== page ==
Fertilizer for Your Garden


Fertilizer for your garden comes in a variety of shapes and forms. Basically, fertilizer is a soil amendment that helps plants become more productive. It may be divided into two large groups: organic and non-organic. Organic fertilizers derive from things that were once living (plant or animal), while non-organic fertilizers are generally composed of synthetic chemicals and minerals.


The function of fertilizer is to amend or enhance the soil so that plants will grow bigger, better and heartier while producing more fruit and vegetables. Fertilizer is added in phases to the garden. It is applied to the soil prior to planting. This helps the plant to become hearty and well-established with strong stems, leaves and roots. Fertilizer is later reapplied as a side dressing or by some other method, such as a compost tea application. Applied at later stages, fertilizer assists in fruit production and increases yield.


Organic fertilizers include compost, compost tea, kelp or seaweed, fish meal, worm castings, vermicompost, manure, composted manure, egg shells and coffee grounds. Non-organic fertilizers are primarily made up of the macronutrients potassium, nitrogen, and phosphorous. The proprietary blend may contain smaller amounts of secondary macronutrients calcium, sulfur, magnesium, iron and others. Non-organic fertilizers are characterized by numbers defining how much of each primary macronutrient they contain. Thus, the standard 10-10-10 fertilizer has 10 percent of nitrogen (N), 10 percent of phosphate (P205) and 10 percent of potash (K20). This is the national grade used for all non-organic fertilizers, and the numbers are always given in this order from left to right: N-P205-K20, or just N-P-K.

Benefits of Organic Fertilizers

In addition to increasing yield, organic fertilizers help improve biodiversity and long-term fertility of soil. Organic fertilizers are typically slow-release, which means the nutrients are released slowly over time instead of all at once. Organic fertilizers feed the plant directly and do not cause nitrogen burn as do many synthetic fertilizers. Organic fertilizers decompose naturally and can enrich the soil with living microorganisms. Organic fertilizer is not associated with nitrate contamination of groundwater, rivers and oceans as is synthetic fertilizer. Living plants can be used as organic fertilizer, as for example, cover crops. These can enrich the soil with both nitrogen and phosphorous without need for synthetic fertilizers.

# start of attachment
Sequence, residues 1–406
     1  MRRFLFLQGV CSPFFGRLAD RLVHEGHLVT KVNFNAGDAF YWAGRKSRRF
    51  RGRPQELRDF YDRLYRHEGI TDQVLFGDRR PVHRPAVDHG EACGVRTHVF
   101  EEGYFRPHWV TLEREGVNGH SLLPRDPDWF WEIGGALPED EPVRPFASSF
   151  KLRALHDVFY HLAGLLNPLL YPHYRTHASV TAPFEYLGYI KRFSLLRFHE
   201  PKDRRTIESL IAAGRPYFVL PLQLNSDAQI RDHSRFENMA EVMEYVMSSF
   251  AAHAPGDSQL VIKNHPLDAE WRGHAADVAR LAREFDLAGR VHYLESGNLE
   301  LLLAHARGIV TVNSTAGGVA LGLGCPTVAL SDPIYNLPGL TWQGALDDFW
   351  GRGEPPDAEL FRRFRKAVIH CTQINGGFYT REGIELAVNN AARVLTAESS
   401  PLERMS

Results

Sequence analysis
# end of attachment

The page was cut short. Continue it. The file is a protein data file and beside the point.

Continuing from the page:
Applying fertilizer can be a daunting task if you are new to gardening. However, there are some general guidelines that make the task easier. In the "old days" of gardening, a rural gardener might till up the soil into long rows, and then "broadcast" (or throw) the 10-10-10 standard fertilizer onto the soil. This would then be cultivated into the soil. After the garden was planted, the gardener would wait until growth emerged and then apply a side dressing of 10-10-10. Organic gardeners might thoroughly mix compost, worm castings or manure into the soil and then plant, following with later applications of compost tea or side dressings of kelp or manure. A soil analysis kit was once a thing only used by high-tech farmers and laboratory scientists. Today, you can buy them at the nursery or lawn and garden center. Using the soil analysis kit will show you, in detail, exactly what nutrients your soil lacks. You may then very precisely amend the soil with a fertilizer that contains those nutrients in the right amounts.


Nitrogen-rich synthetic fertilizers are known to contaminate ground water, eventually flowing to creeks, rivers and oceans. "Dead zones" in the ocean are attributed to fertilizer run-off, as well as excessive algae bloom, fish kills and "red tide." Nitrate contamination of ground water is harmful to humans at a level of 10 mg/L. Persistent organic pollutants (or POPs) have been found to contaminate agricultural fertilizers and soil amendments. There is a risk with using manure and composted manure as well. Remember that manure came from an animal and will necessarily contain whatever was inside the animal. This might have included unsavory things such as antibiotics, growth hormones, genetically engineered feed and various medicines. Buying manure from a local organic farmer mitigates this worry.

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About this Author

A professional writer with 20 years of experience, Sally Hansley Odum has been published in over 90 countries. She is currently a contributing writer at Suite101.com, LovetoKnow.com, eHow.com, Travels.com and BrightHub.com. Sally holds a degree in Liberal Arts from Excelsior College.